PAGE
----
10:46 S1: So a court decision may not be entirely based on just this one instance, it’ll be based on what this instance means moving forward?

10:53 S2: Yeah, generally. Generally speaking, that’s usually how court cases [chuckle] are decided.

10:58 S1: Right.

10:58 S2: You hope that’s what it’s gonna look like?

11:00 S1: Yes.

11:00 S2: Yeah, yeah.

11:00 S1: That’s literally what precedent means.


11:02 S2: It’s literally what precedent means.

11:02 S1: And that’s the foundation of our system of justice.

11:03 S2: Exactly.

11:05 S1: Right.

11:05 S2: Yeah, exactly. Yeah, and then precedent is very important in constitutional cases as well.

11:10 S1: Right. And I guess the point I’m trying to make is, even if the decision doesn’t go BC’s way, it doesn’t necessarily mean there isn’t a commitment to environmental values on the courts.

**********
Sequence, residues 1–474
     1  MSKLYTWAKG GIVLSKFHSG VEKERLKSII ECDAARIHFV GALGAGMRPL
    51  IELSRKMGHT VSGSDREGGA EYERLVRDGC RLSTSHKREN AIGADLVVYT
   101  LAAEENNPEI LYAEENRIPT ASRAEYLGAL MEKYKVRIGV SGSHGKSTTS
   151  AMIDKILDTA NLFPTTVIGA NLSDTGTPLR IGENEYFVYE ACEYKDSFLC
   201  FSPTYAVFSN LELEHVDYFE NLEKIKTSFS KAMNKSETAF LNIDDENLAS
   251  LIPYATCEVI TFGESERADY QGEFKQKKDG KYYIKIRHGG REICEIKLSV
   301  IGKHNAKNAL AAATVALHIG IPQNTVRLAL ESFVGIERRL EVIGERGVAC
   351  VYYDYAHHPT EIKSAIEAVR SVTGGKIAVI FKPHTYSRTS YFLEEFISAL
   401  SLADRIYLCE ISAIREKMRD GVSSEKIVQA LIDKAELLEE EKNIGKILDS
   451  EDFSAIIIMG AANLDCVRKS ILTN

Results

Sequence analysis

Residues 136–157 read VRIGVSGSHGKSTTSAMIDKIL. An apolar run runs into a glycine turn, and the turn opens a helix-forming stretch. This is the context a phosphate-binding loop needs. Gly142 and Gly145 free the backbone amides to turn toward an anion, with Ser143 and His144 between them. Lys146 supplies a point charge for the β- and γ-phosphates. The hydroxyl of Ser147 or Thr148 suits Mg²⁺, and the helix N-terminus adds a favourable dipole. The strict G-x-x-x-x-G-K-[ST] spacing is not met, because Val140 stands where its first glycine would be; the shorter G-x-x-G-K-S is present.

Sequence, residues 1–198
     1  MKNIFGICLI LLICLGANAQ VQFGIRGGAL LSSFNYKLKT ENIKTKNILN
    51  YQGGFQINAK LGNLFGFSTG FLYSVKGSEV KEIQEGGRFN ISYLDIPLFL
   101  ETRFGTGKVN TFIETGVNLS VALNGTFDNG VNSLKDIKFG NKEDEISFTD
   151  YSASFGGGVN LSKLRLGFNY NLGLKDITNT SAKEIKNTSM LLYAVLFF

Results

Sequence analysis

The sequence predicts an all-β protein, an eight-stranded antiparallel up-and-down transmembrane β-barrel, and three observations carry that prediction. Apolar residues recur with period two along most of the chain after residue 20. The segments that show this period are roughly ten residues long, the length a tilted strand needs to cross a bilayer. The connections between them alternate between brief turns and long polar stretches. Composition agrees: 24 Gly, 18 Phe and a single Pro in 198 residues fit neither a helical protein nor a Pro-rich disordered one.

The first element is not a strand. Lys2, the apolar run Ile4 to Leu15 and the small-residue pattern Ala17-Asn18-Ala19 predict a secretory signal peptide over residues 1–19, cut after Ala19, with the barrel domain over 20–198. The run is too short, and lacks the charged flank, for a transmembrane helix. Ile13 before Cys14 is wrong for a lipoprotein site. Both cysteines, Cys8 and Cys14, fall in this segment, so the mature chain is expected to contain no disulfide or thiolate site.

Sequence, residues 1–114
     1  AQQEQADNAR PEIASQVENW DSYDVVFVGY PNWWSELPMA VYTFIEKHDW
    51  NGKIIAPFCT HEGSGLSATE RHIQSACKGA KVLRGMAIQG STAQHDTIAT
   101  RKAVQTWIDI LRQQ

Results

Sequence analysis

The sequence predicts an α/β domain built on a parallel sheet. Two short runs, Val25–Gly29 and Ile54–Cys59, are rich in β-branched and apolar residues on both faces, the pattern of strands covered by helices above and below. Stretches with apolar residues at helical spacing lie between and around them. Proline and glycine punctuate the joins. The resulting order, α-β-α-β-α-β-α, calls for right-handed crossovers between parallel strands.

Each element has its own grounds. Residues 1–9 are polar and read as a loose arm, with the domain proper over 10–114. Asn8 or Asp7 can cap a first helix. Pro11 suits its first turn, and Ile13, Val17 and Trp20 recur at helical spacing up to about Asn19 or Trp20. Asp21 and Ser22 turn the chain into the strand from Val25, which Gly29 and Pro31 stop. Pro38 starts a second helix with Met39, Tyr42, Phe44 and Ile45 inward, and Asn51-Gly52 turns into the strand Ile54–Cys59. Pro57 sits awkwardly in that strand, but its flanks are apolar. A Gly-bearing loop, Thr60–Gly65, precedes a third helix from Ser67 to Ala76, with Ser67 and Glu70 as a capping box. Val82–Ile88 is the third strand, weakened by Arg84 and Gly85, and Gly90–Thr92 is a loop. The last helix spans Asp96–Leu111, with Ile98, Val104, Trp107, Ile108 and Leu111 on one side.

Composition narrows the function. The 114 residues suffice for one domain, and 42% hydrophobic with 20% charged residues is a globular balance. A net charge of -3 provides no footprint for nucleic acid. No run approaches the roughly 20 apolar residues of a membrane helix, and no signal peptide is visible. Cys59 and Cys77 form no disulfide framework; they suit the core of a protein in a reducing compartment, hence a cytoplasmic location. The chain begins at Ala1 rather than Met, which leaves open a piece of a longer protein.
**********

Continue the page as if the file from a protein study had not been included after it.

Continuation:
11:17 S2: Oh, no.

11:18 S1: It’s about this much broader issue.

11:19 S2: Yeah. And it may be that there are certain things that they can do within their own legitimate regulatory power without reaching the stage of actually impairing the federal pipeline operations.

11:35 S1: Right. I feel like this tension must be fairly constant in Canada too, is the federal provincial issue that we’re unpacking a bit here ’cause it’s just come to such a sharp point.

11:47 S2: Yeah, that’s right. There’s the balance between provincial power and federal power has come up lots of times in the past and actually the recent Comeau case.

12:06 S1: Right.

12:06 S2: So this is the one about moving goods interprovincially that talked about whether or not you could bring beer across the provincial boundary.

12:12 S1: Yeah.

12:14 S2: In some ways that’s another case where this federal versus provincial autonomy is at issue.

12:20 S1: Right. Because federally you could transport goods from province to province.

12:23 S2: Federally.

12:24 S1: But province has the right to legislate its own.